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Legal and Ethical Implications for Classroom Management

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There are many legal and ethical pitfalls for teachers when considering classroom management. Teachers face pressure from administrators, state agencies, parents, and students to have successful and effective classrooms. Over the years, the standard has moved and is constantly changing with initiatives such as Common Core and No Child Left Behind. Teachers need to be aware of the changing landscape of laws and what is acceptable by society. In this essay, I will look at four articles that examine classroom management and analyze them in respect to my future classroom management style and current societal norms. First Article

The first article I looked at was “Consideration for Gender-Friendly Classrooms”. This article discussed the use of gender bias strategies. It highlighted the differences between general learning styles of boys and girls. The highlight of the article was that it recognized the societal gender norms not only impact students, but also teachers as well (Kommer, 2006). Kommer went on to build a case for a mixture strategies that would play on the strengths of both boys and girls. Depending on the culture, girls and boys are said to be the same. Kommer contends that the goal is not to make boys and girls the same, but to have equity in teaching styles (Kommer, 2006). Analysis and Application

This article is driving me to make sure my classroom management policies are fair to both boys and girls. I need to make lesson plans that seek to teach the most students and not what I feel comfortable teaching. I have a tendency to relate to boys, well because I was once one. I was never strong in Language Arts, but had an affinity to Math and Social Studies. I was in the Honors Program in my high school for Math, yet in Language Arts, I was n average student. I realize that I have to make a conscience effort use examples that relate to both genders. I cannot have all my examples and analogies be sports related, but I have need to find things that young lady would relate to, as well. Additionally, I need to make sure my discipline models are effective for both genders.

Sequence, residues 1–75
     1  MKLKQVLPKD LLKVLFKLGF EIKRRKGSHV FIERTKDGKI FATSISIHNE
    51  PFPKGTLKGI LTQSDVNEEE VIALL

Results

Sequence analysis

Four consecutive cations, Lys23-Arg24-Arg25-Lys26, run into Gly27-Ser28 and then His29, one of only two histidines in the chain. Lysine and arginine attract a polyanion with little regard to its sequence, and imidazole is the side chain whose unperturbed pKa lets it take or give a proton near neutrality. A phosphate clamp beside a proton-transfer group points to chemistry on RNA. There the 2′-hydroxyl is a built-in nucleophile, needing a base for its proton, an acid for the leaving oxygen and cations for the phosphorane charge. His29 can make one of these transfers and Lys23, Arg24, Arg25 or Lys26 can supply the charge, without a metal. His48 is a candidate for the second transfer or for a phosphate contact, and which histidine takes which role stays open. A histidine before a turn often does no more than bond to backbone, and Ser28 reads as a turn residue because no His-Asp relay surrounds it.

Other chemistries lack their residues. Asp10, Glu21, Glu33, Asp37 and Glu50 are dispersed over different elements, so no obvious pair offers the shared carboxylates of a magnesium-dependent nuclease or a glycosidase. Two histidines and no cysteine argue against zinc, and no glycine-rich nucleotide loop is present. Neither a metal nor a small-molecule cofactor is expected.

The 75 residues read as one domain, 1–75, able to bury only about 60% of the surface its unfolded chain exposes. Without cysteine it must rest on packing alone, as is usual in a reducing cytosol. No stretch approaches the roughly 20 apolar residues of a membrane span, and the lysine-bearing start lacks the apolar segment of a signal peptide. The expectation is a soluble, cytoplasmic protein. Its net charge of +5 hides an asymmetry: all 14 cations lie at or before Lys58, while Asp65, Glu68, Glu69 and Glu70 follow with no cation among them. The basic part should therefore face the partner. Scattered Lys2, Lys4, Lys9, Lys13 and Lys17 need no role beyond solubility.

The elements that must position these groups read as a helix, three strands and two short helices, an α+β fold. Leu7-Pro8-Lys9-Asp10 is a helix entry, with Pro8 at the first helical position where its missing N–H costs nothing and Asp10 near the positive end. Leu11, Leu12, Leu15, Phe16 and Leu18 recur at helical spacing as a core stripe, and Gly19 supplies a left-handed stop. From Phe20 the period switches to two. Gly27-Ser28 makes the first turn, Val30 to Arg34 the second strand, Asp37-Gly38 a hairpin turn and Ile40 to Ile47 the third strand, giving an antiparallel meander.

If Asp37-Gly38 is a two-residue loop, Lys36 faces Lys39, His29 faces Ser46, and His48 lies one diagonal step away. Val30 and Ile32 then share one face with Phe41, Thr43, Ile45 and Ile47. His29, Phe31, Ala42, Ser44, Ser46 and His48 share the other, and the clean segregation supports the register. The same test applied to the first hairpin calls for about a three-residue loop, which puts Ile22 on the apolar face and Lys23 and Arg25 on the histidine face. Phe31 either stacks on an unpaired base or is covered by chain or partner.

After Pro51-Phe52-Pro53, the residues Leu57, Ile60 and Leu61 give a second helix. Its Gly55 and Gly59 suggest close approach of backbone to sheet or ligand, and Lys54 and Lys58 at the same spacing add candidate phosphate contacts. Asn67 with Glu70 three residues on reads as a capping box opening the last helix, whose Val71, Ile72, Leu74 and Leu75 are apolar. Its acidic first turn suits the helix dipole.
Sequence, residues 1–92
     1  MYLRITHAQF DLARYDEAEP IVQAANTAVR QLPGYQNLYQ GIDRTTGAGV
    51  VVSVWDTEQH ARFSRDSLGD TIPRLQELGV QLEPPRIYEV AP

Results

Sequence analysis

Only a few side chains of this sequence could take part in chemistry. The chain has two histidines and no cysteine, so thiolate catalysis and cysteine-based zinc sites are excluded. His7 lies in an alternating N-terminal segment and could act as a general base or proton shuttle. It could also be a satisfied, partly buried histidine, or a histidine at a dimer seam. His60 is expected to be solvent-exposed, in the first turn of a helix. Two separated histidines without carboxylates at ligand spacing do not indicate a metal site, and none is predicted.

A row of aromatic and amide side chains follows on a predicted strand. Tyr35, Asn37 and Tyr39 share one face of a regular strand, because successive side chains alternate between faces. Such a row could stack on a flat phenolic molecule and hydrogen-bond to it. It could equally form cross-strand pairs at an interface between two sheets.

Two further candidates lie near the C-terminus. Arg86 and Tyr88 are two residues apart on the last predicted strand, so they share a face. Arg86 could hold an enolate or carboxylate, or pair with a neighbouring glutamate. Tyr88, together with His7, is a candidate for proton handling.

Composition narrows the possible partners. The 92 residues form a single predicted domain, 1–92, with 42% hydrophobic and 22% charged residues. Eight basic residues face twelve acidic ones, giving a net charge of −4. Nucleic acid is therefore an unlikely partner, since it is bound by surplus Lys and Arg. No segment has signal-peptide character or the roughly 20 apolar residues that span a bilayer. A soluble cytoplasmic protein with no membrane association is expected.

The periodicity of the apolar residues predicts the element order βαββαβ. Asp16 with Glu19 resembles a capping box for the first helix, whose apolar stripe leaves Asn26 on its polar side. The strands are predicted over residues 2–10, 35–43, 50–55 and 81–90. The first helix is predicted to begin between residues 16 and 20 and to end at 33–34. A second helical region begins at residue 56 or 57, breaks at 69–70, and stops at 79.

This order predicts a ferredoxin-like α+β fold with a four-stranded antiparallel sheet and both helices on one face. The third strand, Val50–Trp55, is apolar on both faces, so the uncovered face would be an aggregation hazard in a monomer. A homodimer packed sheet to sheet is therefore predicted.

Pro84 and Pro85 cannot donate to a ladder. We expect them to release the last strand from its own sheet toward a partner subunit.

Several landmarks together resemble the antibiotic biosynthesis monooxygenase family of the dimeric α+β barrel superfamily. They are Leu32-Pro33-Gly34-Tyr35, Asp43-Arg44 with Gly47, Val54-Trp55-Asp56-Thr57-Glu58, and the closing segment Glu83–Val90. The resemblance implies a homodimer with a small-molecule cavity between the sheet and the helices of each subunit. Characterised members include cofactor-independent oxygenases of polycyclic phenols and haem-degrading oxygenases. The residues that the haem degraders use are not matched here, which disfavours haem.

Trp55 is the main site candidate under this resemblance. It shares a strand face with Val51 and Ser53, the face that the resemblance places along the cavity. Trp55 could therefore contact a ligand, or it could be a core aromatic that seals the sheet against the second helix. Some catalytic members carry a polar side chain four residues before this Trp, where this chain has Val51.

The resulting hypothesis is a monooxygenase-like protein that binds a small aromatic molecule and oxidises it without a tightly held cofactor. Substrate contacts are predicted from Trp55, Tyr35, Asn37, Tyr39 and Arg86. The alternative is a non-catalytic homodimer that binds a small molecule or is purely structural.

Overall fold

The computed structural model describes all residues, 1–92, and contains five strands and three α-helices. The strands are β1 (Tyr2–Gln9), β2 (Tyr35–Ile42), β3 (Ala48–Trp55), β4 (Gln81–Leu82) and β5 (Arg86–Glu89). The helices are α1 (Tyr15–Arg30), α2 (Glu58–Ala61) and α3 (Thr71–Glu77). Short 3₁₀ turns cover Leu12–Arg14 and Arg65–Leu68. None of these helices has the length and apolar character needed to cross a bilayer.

I teach Sunday School for fourth graders. I have a large number of boys and they are rambunctious. I have to make sure that my discipline fits the child. Many of my boys would find 20 pushups and effective deterrent to misbehaving, while many of my girls would find separation from their friend a much worse punishment. Discipline can be a tricky area, as I would not want to be accused of showing favoritism. Teachers need to be cognizant of how they are administering discipline that it is perceived to be constructive and fair to all students. Second Article

The second article is “Classroom Management: A Critical Part of Educational Psychology, With Implications for Teacher Education”. This article discusses the importance of a teacher’s competency in classroom management. Emmer and Stough contend that teachers need to have a minimal level of proficiency in order to be effective in other areas (Emmer & Stough, 2001). They also assert that the teacher’s emotions play a major part in how they perceive behavior (Emmer & Stough, 2001). Analysis and Application